That’s why I try to stay mostly positive about things here. Seriously, I am trying. Some days that is harder than others, but there is always something good to say, well unless we are talking about Midori, about the only thing I have found positive with it is the lovely green color, but I am still trying, until that bottle runs out anyway. I have enjoyed spending more time with the family and they get into this part of the day too. Sometimes, they choose the drink, either directly or by suggesting glassware or a garnish. Laura makes most of the garnish, by the way, and Liam sometimes shakes the drinks. Thats’ a fathers job, to pass valuable life skills on to their children, so don’t judge me. They both help me out by listening to me read these scribbles aloud before I post. Often they ask if I really want to say that, I can’t wait for them to hear me today, and Liam is always ready with a suggestion of something to change. It really is a family affair. Granted, we are an unusual family.

So let’s make this one. It is a scotchy scotch scotch drink and I knew when I stumbled across this recipe that it was my kind of thing. It suggests a lightly peated scotch and a heavily peated scotch, kind of like requiring a young priest and an old priest. Of course, heavy and light peat are just relative terms, depending on where you start on the scale. I started way over on the smoky Islay end, so this one is going to get exciting. Grab your crystal mixing pitcher and pop in 2 ounces of lightly peated scotch, I chose Laphroaig Quarter Cask, because to me lightly peated means a particularly peaty version of one of the peatiest scotches on the market; 1/4 of an ounce of heavily peated scotch, I went with Corsair Triple Smoke, which is not a scotch, being made here in Tennessee, but I used their single barrel triple heavy peat edition, which is one of the finest bottles of whiskey known to man and superior to many smoky actually Scottish scotches; 1/4 ounce of Luxardo Maraschino cherry liqueur, 1/2 an ounce of sweet vermouth, I used whatever Gallo thing I had and 3 dashes of absinthe, I used Corsair’s because that’s all I have. Add some artisanal ice cubes and stir to chill. Marvel at how your stirring game has really improved over the last three months, get lost in the tinkling sounds of ice on crystal, come back to your senses before you over dilute the drink and strain into a chilled coupe, use a julep strainer for this, because they are fancy. Garnish with one of those amazing Luxardo Maraschino Cherries on a bamboo pick.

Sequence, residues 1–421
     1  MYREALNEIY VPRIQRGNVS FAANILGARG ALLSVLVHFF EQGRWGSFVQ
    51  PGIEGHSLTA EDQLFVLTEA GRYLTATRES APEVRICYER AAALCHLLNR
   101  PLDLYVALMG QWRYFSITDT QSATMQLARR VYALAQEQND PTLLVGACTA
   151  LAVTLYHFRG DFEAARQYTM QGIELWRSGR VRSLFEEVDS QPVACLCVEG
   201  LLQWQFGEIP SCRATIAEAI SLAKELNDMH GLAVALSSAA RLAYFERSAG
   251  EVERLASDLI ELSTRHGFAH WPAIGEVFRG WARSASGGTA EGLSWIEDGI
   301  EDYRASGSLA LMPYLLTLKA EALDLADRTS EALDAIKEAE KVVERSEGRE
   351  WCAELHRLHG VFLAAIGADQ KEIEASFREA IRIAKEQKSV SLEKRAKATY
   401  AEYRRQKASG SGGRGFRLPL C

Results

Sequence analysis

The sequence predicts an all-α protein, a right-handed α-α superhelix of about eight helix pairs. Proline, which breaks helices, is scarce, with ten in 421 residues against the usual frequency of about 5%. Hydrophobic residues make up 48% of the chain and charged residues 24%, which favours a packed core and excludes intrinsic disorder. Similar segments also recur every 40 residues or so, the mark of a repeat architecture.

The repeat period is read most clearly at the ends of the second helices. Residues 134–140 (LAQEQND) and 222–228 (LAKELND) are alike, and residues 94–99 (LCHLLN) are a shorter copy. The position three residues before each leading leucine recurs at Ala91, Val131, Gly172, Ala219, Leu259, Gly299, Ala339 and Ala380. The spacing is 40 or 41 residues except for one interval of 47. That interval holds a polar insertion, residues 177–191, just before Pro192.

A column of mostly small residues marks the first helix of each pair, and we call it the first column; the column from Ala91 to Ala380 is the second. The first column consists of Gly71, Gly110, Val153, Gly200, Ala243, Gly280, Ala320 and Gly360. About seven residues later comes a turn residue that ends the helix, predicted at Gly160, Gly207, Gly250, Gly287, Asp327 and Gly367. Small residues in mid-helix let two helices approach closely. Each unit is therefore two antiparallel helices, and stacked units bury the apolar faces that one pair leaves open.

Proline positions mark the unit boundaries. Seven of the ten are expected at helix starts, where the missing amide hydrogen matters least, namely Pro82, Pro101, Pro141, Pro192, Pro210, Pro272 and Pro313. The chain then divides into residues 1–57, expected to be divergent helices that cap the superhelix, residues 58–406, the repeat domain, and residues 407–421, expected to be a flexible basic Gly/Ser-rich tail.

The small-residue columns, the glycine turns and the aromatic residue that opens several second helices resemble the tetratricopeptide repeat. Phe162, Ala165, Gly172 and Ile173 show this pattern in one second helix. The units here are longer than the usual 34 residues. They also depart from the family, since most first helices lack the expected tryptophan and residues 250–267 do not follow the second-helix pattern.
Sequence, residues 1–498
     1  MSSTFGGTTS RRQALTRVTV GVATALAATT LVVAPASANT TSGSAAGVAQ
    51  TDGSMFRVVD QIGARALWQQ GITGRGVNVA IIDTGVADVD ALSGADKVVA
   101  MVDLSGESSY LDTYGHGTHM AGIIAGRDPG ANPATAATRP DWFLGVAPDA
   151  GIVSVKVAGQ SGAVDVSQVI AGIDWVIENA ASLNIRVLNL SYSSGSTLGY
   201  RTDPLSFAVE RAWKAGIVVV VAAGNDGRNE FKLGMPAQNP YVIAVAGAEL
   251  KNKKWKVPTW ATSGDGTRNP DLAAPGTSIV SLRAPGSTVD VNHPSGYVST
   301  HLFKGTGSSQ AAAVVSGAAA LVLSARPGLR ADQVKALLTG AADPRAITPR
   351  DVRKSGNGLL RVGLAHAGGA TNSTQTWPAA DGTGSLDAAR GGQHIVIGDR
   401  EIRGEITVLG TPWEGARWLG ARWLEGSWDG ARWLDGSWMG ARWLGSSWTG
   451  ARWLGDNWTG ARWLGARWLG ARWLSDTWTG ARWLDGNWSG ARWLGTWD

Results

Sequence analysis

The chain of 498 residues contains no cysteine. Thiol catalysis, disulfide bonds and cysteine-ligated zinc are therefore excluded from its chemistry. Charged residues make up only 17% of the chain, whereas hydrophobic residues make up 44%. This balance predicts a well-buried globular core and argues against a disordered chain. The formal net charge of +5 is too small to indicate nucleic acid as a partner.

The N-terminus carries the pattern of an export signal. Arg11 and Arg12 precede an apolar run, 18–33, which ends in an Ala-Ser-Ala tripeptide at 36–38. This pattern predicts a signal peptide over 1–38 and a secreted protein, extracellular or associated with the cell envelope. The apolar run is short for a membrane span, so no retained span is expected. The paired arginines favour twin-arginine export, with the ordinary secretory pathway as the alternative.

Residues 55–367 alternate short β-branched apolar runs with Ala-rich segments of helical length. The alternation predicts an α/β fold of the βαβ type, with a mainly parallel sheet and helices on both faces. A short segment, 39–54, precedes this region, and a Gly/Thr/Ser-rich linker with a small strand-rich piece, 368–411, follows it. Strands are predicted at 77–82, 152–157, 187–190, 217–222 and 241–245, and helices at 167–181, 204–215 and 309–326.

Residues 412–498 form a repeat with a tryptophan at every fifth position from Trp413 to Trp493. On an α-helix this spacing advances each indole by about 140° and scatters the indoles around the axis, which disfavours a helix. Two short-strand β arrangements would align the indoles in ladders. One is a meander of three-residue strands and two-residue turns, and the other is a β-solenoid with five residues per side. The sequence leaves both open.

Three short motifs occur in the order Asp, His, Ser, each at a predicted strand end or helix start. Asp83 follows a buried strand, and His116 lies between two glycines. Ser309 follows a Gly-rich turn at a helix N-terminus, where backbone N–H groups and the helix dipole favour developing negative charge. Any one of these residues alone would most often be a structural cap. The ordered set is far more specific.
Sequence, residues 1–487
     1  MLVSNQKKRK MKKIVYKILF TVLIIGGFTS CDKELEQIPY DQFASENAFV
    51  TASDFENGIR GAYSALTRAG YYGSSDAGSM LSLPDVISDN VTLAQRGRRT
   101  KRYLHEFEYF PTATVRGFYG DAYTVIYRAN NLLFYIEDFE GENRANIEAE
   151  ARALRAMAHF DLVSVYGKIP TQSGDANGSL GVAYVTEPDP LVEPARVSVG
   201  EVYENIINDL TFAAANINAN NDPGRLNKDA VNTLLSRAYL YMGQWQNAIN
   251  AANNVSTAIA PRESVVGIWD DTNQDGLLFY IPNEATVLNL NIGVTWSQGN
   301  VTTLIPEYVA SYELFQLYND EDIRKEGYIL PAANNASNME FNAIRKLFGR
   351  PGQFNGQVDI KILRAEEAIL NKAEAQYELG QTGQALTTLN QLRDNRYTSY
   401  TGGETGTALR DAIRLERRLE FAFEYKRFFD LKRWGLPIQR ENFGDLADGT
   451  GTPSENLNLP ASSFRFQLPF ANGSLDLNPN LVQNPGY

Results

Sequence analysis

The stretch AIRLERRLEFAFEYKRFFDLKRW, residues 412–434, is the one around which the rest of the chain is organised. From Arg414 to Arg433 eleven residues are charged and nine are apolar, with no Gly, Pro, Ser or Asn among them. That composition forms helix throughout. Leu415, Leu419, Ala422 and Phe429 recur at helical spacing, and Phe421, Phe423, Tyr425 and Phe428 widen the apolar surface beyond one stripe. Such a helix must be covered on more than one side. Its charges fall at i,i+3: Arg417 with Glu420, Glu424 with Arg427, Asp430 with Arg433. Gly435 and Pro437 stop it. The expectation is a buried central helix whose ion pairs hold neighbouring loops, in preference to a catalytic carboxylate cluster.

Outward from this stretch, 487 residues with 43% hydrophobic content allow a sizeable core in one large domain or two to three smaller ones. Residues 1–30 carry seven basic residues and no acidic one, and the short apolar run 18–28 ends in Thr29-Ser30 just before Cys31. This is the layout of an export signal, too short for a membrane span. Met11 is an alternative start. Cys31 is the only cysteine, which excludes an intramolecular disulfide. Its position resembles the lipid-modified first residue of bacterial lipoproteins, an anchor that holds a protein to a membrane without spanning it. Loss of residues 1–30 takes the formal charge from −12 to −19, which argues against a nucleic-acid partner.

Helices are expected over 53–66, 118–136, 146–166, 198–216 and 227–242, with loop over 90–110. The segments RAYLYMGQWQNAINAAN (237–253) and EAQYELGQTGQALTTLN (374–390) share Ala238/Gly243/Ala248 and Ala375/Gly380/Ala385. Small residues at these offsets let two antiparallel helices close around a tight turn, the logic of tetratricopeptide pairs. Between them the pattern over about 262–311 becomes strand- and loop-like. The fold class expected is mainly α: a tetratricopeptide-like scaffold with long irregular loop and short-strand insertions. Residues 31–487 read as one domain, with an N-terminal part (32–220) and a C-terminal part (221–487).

I probably ruined this drink for most folks with my less than reserved scotch choices, but I love, love love, a smoky peaty Islay Scotch. You can make more responsible choices and be rewarded for them. In fact, if you have learned nothing else in these posts, that’s the takeaway, you can, and should, make better choices than I do. That said, I kind of love this drink. It is smoky and peaty with a sweet undertone, but that awesome antiseptic finish. I like it. You may not, in fact you probably won’t, it is definitely for the hard core Islay folks, if you choose as I did.

Gotta throw a little history in there leading up to the big finish, people love history. This drink is a riff on the Prohibition classic, “Remember the Maine” which references the explosion of the USS Maine in Havana Harbor in 1898. The phrase was coined by William Randolph Hearst, the newspaper magnate that Citizen Cane was loosely based on. He used it to help push public sentiment and to drum up support for military action, which happened a couple of months later when the Spanish American War broke out, an act that led to Cuban independence. That drink was a modified Manhattan, which oddly enough came to prominence in Cuba in the 30’s. Our drink today is a riff on that riff and the name is the rest of the war-mongering phrase “Remember the Maine, To Hell With Spain!” This version was created in Seattle in 2011, by Connor O’Brien at Vito’s, if one can believe the internet. Sounds plausible to me, lots of great drinks come out of the Seattle cocktail scene. 

So, that went off track a bit. I was going to explain some behind the screen stuff, like how you can see that all of the drinks are slightly off kilter, since I build them on the slanted draining board built in to our antique enamel countertop, how you can tell when we need to order coffee pods by watching the background, how I sometimes cheat an apple into the background instead of a peach, since I know it will be blurry and I have ugly peaches, you know the good stuff. I guess that will have to wait for the book. Until then, stay safe, stay hydrated and stay sane, my friends.